Why is the small IFA being consigned to history? According to CP121, it is because his means of remuneration, commission, is a commercial “distortion”.
This rationale comes from a regulator responsible for the grossest commercial distortion of all time, namely the substitution of the ancient marketplace watchwords “buyer beware” with the new “seller beware”.
This is not merely a distortion of commercial process but a perversion of it. The transfer of the buyer's responsibility on to the seller threw up immediate absurdities that have been with us for so long that we now, perhaps, regard them with less astonishment than we should.
Think, for instance, of the five-page illustrations, of the key features documents, of the hard disclosure of even indemnified commission, of the caveats gabbled at the end of commercial broadcasts or scrambled at the foot of billboards, of the reams of compliance paperwork
Did we imagine that by accepting these absurdities and learning to live with them, everything else would continue as before? As CP121 demonstrates, a perverted world will evolve perversely.
As IFAs, we have acted on behalf of clients for whom financial products are commodities as unavoidable as food and coffins. Our function has been to select the most suitable products for them from an industry to which we were not ourselves tied.
The true “point of sale” has therefore been positioned between ourselves and the insurance companies seeking to persuade us of their products' worth.
The industry has not always understood this – quota-driven broker reps still arrive beaming at my office door possessed of the wholly mistaken notion that we are on the same side – we are not. On behalf of my clients I have not been an easy customer.
I recall that in a brief spell as a tied agent I was forbidden, on pain of termination, to assist in making a complaint against the company I was tied to. Since becoming an IFA I have quite often had to assist clients in this way.
The companies to whom I entrust business this year may turn out to be next year's disaster. At the moment I am not tied to any of them. Next year, if I wish to continue servicing my clients I may be tied to all of them. And no doubt if my clients have legitimate complaints I shall be forbidden to assist them.
Why is this happening? Because, in our seller-beware marketplace the key relationship – the point of sale – now exists between the insurance company and the state-appointed regulator.
It is the regulator who must be convinced of a product's worth. What an easy customer to satisfy – this Government placeman who never samples the company's service levels, or its reliability, or the accuracy and promptness of its administration.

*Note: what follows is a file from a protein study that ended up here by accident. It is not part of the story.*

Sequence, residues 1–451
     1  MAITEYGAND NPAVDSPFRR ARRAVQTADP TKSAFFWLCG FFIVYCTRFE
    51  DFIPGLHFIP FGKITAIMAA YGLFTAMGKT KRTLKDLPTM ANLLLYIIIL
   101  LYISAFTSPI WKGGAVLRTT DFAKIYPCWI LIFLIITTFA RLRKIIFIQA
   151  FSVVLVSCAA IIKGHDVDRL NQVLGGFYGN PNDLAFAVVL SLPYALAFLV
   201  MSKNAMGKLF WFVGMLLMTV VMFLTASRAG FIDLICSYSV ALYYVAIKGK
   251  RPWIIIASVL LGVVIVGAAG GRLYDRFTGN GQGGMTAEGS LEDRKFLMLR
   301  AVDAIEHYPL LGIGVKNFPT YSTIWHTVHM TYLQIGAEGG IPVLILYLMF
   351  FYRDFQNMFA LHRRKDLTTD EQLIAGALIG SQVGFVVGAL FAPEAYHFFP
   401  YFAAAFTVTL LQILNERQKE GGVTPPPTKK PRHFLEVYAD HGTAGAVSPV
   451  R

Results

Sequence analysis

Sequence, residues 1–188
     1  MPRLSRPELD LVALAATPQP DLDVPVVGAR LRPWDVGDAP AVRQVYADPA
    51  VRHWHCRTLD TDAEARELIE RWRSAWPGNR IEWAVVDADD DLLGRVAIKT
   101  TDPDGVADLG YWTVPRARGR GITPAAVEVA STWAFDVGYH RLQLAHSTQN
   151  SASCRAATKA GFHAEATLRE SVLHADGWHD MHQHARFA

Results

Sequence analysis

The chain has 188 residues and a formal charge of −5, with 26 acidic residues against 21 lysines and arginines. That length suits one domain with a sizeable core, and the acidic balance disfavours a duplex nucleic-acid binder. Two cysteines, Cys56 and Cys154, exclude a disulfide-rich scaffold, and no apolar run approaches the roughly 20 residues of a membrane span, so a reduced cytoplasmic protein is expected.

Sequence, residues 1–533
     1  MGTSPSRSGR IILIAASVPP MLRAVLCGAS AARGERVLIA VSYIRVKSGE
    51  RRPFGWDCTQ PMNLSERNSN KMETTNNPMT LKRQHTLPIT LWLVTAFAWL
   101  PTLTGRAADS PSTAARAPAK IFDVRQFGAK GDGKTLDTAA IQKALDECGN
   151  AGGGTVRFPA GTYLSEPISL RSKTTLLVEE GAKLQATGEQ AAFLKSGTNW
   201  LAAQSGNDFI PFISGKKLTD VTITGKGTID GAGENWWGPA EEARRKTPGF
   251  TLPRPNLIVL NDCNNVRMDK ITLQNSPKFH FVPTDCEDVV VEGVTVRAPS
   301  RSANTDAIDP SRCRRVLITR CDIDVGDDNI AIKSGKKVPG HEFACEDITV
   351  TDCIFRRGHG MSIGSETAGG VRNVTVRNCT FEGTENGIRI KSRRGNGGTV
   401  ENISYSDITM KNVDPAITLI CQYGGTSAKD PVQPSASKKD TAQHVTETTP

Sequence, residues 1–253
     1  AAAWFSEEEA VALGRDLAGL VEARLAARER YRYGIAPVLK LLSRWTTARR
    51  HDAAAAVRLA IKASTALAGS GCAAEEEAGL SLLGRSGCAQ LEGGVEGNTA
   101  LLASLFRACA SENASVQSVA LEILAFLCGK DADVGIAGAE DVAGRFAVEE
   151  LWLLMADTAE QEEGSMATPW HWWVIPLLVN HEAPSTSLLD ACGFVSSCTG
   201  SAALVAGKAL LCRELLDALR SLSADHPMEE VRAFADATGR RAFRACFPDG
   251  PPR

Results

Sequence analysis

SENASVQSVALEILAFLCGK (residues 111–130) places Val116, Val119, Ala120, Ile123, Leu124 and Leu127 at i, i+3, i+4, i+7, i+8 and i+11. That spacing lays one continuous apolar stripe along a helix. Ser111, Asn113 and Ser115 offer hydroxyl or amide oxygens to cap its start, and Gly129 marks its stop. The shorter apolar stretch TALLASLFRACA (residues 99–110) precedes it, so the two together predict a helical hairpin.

This is why companies like Norwich Union and that once-prolific provider of endowment policies, Legal & General, now stack their shelves with state-approved products, Catmarked Isas, stakeholder pensions, while at the same time providing execrable levels of service which in an unperverted marketplace would see them shunned and despised.
This is why Tony Kempster at Prudential burbles on about commission-free pensions as the new model – without so much as a shame-faced wave of farewell to his previous customer – the IFA.
Why worry about obtaining a recommendation from an IFA when you have the word stakeholder posturing as “state-approved”, stamped all over your risk warnings.
Yes, commission has gone from the new model pension but, as Steve Bee has pointed out, while redesigning your key features document should there not also be a mention of the Chancellor's hand in the kitty?
Does it really matter though if the small IFA is to be excluded from the marketplace? If state-approved products are to be distributed by a handful of large companies what need will the consumer have for an adviser or a voice to articulate his complaints?
How indeed can he have any complaints? With a state-appointed regulator what could possibly go wrong?
A month ago, I obtained a new client – a partially sighted pensioner for whom English is a second language. In May 2000, an Equitable Life “advi-ser” had recommended that he invest £20,000 in an Equitable with-profits bond. At that time, Equitable had already lost its GAR case in the Appeal Court.
The adviser assured the client that the problems at Equitable affected only GAR pension policyholders and that his money would be safe. His bond's value has, of course, since been slashed.
I suggested to the client that we should complain about the sale of the policy. Here is the final paragraph of the response:
“As your complaint falls within the scope of a GAR-related claim as covered by the Scheme defined in the Scheme Circular your claim has now been compromised by the Scheme and we will be taking further regarding your complaint and you are not entitled to pursue this complaint through the Financial Ombudsman Service, the Society's regulator, the Financial Services Authority or the legal system.”
Now read it again aloud -as I had to do for my client.
Park House Financial Services, Tatfield, Surrey